I felt like making potstickers tonight. I have never made potstickers. So I scoured the internet for a recipe. I looked at dozens, just to get an idea of the "typical" potsticker recipe. I ended up choosing and modifying the following recipe from Alton Brown on Food Network. My modifications will be discussed following the recipe. Overall, this is a good basic recipe.
1/2 lb ground pork 1/4 c. finely chopped scallions 2 tbsp. finely chopped red bell pepper 1 egg, lightly beaten 2 tsp. ketchup 1 tsp. yellow mustard 2 tsp. worchestershire sauce 1 tsp. light brown sugar 1 1/2 tsp. salt 1/2 tsp pepper 1/4 tsp cayenne pepper 35 to 40 wonton wrappers 3 to 4 tbsp. vegetable oil, for frying 1 1/3 c. chicken stock
Preheat over to 200 degrees F.
Combine ingredients 1 through 11 in a medium mixing bowl (pork through cayenne)
To form dumplings, remove 1 wonton wrapper from the package, covering others with a damp cloth. Brush edges of the wrapper with water. Place 1/2 round tsp. of the mixture in the center of the wrapper and fold as desired. Repeat until filling is done.
Heat oil in a 12 inch sauce pan on medium heat. Add potstickers. Fry for 2 minutes without touching. Next add the chicken broth and cook for another 2 minutes. Place cooked dumplings on a pan and put in the preheated oven until ready to serve.
First, I am a vegetarian...sort of. I eat fish and shellfish. I do not think it is ethical to consume meat, nor do I even like meat. Now, if I go to someone's house and they are serving meat I will eat it because I do not believe in wasting food.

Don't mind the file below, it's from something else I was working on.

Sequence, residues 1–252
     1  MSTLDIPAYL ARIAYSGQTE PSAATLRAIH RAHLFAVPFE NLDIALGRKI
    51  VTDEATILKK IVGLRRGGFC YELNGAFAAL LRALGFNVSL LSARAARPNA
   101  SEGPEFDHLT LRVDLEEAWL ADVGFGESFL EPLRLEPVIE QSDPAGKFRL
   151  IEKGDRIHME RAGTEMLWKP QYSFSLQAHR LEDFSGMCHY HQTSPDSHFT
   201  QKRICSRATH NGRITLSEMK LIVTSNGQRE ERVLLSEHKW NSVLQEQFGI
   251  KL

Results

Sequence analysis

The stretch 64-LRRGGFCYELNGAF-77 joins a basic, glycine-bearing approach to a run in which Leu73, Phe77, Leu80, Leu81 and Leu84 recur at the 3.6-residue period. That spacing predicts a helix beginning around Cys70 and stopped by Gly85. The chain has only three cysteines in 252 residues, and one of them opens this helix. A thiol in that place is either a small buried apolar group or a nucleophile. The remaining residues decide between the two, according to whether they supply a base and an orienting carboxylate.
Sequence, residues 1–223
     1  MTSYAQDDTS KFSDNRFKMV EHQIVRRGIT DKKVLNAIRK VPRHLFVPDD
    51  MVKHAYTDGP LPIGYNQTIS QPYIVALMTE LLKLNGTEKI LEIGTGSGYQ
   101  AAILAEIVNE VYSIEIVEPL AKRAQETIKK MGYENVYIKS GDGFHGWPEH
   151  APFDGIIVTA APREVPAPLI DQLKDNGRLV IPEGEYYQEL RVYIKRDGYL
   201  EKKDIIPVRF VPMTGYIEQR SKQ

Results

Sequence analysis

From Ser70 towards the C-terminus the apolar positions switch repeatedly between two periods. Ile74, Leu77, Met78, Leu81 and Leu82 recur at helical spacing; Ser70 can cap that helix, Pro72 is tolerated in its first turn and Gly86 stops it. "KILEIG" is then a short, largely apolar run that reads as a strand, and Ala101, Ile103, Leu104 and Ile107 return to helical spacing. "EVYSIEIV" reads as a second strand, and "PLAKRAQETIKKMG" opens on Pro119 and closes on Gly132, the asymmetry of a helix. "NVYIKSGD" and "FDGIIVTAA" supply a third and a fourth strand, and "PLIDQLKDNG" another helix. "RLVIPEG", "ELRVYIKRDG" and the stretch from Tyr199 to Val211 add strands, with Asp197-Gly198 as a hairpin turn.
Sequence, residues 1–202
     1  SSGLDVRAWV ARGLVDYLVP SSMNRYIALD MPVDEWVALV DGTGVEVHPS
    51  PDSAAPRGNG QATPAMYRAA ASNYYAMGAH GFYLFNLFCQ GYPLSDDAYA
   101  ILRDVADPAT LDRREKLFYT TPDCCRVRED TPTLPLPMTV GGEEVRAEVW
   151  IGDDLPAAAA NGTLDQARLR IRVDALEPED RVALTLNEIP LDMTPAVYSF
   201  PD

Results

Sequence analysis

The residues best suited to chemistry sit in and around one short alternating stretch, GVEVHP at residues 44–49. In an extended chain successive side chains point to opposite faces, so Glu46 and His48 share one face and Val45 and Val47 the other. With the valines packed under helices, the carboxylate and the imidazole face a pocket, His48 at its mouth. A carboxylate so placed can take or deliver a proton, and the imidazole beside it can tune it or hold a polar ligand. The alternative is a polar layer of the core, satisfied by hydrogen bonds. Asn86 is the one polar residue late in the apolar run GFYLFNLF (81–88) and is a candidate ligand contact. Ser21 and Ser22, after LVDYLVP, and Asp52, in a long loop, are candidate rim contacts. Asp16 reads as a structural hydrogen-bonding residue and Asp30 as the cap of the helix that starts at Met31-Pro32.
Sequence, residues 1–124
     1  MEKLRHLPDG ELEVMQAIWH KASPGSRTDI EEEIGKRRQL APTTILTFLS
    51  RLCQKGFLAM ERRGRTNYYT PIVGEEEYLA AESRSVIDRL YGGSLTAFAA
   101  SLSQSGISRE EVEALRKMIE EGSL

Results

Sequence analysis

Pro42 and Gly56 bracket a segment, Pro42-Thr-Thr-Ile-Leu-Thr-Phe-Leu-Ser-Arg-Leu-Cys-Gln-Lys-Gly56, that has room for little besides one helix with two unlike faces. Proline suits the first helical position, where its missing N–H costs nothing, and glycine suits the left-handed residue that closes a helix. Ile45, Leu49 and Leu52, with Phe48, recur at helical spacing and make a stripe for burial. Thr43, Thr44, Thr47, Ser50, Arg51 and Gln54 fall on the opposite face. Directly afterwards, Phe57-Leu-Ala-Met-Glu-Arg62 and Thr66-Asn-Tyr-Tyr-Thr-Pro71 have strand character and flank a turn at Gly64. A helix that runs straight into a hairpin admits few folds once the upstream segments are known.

I used soy meat instead of the pork. I also didn't really follow the recipe in terms of the filling. I used green pepper (that was all I had), minced onion, spinach, and cabbage to fill my potstickers. This worked out fine, except soy meat is harder to mesh together an stick in a wonton wrapper. You need to be careful. I recommend forming little balls of the mixture first, then putting them in the wrappers. Obviously, this is only if you are using soy meat. Otherwise, pork sticks together very well--because of all the fat--yuck! I also substituted the chicken stock with vegetable stock--doesn't matter because it is all just salty flavored water anyway!
Other than changing the filling I followed this recipe to the T. The wrappers turned out very nice. This is clearly how you make potstickers. I feel like it is important to mention that the shape of your wonton wrappers will affect how they look. Typically, at Asian restaurants they serve dumplings shaped as half moons. This can only be achieved if you buy round (circular) wonton wrappers. I purchased square ones, so I ended up making them look like little purses (see picture).
Another thing. This recipe does not include a dipping sauce! This is very important. I was kind of left hanging. I had to improvise on the sauce, which didn't even turn out good. So please find a good sauce recipe for your dumplings. I will look for a good one, and post it eventually.
What I took from this recipe is that the frying and boiling in stock is a great method of cooking dumplings.